Hands-on: Bing for iPhone
The new Bing 1.0 for iPhone offers a viable alternative to Google's searching and mapping dominance.
Snigger as you will over Microsoft's decision to call Bing, its overhauled search engine, a "decision engine," but those giggles should dissolve when you start up Microsoft's brand-new Bing for iPhone (and iPod Touch). As a search app goes, Bing, in the iTunes App Store, is the real thing.
The Bing app has a slew of expected features, including voice search, maps, directions, search suggestions, and location-awareness. That's no surprise. Besides these being features common to Bing.com and to the Bing application on other mobile platforms, they're also necessary to compete with Google Mobile App for iPhone.
Bing's stylish layout is a pleasant surprise, and one that adds up, screen by screen, to a cohesive search experience. Opening Bing, you see the image of the day as your background (this doesn't appear to be customizable,) with the search field and voice search button at the top of the app. A rounded, six-panel grid of buttons jumps you to Bing's image collection, movie listings, maps, directions, business look-up, and a news feed. A drop-down menu on the search bar lets you filter your searches in all those categories, save directions. The semitransparent navigation strip below has a Home button and back and forward arrows, plus a button to hide the button panel, and an icon that pops up settings to clear your search history, set your search filter, and so on.
Bing gives you directions for your car and for navigating on foot, but it doesn't yet include directions using public transit, as the Google Mobile App does. Bing, however, has a neat feature that lets you swipe a transparent ribbon to advance through each direction, which moves the satellite, hybrid, road, or shaded map along in turn. We like that tapping a search result on the map brings up a tag with ratings and with icons to call the business or launch into directions.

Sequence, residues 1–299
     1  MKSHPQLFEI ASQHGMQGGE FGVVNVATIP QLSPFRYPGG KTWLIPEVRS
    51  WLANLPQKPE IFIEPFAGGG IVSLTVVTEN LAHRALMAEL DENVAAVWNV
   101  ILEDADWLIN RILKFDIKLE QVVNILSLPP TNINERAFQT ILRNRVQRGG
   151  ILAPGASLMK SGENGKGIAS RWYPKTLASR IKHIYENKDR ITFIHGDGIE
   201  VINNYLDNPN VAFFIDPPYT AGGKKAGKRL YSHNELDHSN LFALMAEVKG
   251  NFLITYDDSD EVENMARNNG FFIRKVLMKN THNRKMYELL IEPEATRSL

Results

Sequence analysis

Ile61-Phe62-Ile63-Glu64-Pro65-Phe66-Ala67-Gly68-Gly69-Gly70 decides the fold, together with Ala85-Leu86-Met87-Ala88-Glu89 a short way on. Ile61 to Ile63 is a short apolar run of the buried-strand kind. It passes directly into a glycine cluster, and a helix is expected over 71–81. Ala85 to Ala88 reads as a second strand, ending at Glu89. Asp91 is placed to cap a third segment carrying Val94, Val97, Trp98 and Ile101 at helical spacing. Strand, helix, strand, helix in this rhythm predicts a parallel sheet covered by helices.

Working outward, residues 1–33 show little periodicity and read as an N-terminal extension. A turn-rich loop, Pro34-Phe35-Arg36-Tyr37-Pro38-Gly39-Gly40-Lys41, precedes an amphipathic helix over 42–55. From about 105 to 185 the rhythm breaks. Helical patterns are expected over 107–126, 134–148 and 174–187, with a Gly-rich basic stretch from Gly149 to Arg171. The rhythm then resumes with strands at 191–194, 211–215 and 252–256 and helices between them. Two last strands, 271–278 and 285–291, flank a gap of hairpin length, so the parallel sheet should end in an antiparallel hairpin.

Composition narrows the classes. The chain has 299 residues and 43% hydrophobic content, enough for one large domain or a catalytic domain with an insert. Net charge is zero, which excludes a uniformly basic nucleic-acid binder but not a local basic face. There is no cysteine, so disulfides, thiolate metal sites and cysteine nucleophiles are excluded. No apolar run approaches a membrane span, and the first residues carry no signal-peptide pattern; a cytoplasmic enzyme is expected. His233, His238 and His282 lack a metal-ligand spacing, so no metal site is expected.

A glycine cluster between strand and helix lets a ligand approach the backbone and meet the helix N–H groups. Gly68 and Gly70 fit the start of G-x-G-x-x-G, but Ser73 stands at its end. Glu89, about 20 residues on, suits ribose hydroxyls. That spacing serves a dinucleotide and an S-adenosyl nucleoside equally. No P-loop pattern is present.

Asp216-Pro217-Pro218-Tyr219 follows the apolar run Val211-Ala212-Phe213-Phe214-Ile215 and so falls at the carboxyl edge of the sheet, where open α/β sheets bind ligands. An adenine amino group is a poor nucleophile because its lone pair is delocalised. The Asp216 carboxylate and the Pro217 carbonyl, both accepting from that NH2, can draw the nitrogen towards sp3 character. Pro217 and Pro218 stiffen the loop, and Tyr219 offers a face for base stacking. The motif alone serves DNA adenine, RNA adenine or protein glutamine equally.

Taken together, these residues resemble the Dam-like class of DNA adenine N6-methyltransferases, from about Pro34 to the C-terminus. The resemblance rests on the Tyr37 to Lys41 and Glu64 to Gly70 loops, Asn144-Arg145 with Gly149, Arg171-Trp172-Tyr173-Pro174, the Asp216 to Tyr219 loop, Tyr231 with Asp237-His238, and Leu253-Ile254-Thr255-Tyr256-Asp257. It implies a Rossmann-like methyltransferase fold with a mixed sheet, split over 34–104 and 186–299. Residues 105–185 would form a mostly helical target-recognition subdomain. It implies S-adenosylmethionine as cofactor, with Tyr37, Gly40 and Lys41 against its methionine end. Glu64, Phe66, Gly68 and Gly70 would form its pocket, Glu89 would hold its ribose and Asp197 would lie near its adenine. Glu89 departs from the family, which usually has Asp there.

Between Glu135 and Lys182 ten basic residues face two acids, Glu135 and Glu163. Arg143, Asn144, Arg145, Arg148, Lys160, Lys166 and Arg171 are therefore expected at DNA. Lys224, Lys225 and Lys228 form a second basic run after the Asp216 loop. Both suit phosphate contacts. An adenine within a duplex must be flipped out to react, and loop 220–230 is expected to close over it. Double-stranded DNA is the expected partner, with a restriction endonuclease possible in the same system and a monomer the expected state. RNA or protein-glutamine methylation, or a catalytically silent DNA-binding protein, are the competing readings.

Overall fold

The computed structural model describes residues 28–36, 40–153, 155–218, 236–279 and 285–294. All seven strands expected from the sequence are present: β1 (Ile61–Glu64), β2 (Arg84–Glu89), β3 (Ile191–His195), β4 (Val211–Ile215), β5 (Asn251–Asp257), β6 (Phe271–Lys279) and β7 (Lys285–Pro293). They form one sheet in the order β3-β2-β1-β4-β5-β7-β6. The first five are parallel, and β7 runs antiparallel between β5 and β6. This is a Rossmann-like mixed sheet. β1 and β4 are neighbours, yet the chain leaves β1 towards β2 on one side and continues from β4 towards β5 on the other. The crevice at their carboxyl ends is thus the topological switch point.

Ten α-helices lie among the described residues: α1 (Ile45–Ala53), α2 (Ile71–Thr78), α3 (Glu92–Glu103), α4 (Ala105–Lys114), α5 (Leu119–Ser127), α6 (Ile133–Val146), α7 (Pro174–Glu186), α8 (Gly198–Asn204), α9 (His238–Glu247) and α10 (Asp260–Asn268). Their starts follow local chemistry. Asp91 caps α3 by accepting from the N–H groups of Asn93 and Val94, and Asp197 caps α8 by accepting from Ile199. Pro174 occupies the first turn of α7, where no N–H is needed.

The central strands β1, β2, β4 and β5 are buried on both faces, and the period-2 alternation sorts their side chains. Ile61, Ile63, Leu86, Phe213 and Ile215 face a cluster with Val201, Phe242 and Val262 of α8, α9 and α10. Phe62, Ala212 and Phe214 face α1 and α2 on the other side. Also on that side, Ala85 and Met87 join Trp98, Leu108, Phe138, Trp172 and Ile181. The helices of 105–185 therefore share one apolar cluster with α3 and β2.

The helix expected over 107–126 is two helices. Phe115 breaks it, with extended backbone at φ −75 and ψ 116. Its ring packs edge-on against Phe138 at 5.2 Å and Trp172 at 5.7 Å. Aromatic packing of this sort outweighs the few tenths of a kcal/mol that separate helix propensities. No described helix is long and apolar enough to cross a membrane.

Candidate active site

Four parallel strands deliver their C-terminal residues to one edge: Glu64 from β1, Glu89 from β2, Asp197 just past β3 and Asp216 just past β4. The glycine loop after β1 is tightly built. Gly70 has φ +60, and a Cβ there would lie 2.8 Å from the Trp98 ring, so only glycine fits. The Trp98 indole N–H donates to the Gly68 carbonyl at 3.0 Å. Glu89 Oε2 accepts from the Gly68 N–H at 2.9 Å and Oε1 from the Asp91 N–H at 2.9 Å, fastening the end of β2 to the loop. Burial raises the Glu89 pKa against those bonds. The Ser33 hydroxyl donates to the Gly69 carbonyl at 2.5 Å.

Another difference to keep in mind between Bing and its Google rival is that Bing smashes a map and search app into one, whereas Google's mapping program is also the iPhone's default map app. When you access maps from Google Mobile App, you'll wind up opening up the Maps app for the actual search.
The Bing app for iPhone still isn't complete. As far as we can tell so far, it lacks some of the extras of other mobile Bing apps, like the capability to lay down pushpins on the map and save locations, and the capability to view multiple locations on the map. The absent features in the iPhone app indicate the direction of Microsoft's plans for Bing's growth on iPhone.
While Bing's performance during our initial testing was good, individuals may notice fluctuations based on their data and Wi-Fi connections. There may be other areas where Bing might not match up: for instance, Google claims its iPhone app can detect British and Australian pronunciation in addition to U.S. and Canadian accents. Do our international friends notice parity with Bing's voice search?
Although Bing may not match every bell and whistle that Google Mobile App and Maps apps do combined, Bing 1.0 for iPhone does offer a viable alternative to Google's searching and mapping dominance.